Total posts : 45366
Yes, they were all tested on the same day. However, as I’ve mentioned previously, I’ve noted wide variations in range (which is directly related to field strength) and sound during different parts of the day on my transmitters, and that is something that wasn’t accounted for in the testing.
And yes, all transmitters were tested with identical grounds (even the Talking House’s power plug neutral pin was grounded to the copper stake) and their own respective antennas, however efficient or inefficient those may be (i.e., the ProCaster with its tube antenna, the Talking House with its wire antenna, etc.) It looks like for those aspects of the testing there was consistency. And certainly, with broadcast engineers with a claimed 1,767 (or so) combined years of experience, I don’t think that you can cast aspersions on the measurements that were obtained, as far as they went.
I still believe, however, that the testing was skewed positively towards the factory assembled units. If test units could not have been obtained from the manufacturer that were guaranteed to be the most effective they could be (and I understand that that was the case in several instances), then more than one example of each transmitter should have been tested. And from my first point, they should have each been tested at similar points in the day, if possible (or at least close). Since the results were all relative, it really wouldn’t have mattered if the tests were spread over multiple days, although I can certainly understand that that would have meant a lot more work.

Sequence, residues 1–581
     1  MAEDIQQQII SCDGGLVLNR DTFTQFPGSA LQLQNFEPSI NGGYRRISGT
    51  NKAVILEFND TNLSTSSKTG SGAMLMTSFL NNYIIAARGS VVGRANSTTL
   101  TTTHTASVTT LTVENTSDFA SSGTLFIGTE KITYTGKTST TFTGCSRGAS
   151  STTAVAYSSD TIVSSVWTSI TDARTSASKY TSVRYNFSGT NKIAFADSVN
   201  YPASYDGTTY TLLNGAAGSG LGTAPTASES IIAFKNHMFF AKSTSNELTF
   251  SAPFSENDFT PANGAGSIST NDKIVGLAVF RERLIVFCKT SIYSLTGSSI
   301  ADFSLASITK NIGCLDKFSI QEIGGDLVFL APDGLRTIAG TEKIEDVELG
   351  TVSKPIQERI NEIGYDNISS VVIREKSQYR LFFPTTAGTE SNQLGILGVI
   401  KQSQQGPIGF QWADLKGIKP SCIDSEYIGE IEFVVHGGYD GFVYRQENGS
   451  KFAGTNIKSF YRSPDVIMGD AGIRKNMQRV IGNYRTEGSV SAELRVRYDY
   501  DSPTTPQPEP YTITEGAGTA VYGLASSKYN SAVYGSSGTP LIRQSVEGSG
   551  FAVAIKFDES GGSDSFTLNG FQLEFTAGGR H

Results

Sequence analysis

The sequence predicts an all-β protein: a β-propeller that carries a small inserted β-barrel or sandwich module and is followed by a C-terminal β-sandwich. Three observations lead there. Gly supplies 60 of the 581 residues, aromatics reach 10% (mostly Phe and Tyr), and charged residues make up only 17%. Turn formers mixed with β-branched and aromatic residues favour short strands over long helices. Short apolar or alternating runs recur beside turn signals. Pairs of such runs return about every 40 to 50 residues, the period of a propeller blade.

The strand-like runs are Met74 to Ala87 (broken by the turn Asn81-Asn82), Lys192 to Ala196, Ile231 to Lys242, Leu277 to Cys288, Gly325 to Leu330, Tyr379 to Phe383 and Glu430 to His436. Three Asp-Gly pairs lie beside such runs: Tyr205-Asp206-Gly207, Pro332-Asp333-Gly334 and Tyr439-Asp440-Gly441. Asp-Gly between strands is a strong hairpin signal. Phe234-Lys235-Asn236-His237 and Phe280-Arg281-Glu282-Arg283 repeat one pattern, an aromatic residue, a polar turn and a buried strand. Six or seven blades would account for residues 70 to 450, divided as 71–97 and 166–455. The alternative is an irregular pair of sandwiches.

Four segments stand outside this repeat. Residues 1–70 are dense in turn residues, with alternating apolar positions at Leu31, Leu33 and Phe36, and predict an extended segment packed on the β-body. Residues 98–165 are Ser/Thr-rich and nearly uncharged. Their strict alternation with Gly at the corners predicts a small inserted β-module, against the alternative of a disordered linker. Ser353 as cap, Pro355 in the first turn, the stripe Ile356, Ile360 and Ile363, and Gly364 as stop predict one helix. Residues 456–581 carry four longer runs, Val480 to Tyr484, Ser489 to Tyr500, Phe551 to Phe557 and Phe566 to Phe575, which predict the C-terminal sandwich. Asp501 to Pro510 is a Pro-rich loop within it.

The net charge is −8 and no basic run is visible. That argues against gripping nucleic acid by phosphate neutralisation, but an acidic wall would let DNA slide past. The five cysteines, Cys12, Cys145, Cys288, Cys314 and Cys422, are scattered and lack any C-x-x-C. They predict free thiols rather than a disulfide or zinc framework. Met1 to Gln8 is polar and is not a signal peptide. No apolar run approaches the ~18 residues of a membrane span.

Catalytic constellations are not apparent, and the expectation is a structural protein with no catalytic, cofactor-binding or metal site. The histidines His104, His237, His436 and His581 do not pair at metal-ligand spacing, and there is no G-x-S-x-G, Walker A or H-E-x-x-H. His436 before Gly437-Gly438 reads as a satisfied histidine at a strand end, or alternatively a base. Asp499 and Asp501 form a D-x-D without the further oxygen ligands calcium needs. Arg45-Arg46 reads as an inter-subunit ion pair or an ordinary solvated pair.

For whatever reason, I can now access the Challenge document on the other site, as well as their Forums (I guess they realized how stupid it was to block access, or perhaps it was always meant to be temporary). I hope that anyone from ‘over there’ reading this post recognizes that these criticisms are meant in a positive way, as I think that with a bit more testing, the issues could be laid to rest. And I certainly have an interest as to which transmitter is the most efficient at getting a signal out, although for me, that isn’t the be all and end all. Some transmitters, for example, allow asymetric overmodulation (such as the Rangemaster), which gives them even more of an advantage over those that don’t (such as the Talking House). Some simply sound better. However, I don’t hold out much hope for that, as they’re still defending themselves against the ‘know nothings’, and continuing to harp on the 2,957 (or so) combined years of broadcast engineering experience the testers and reviewers have.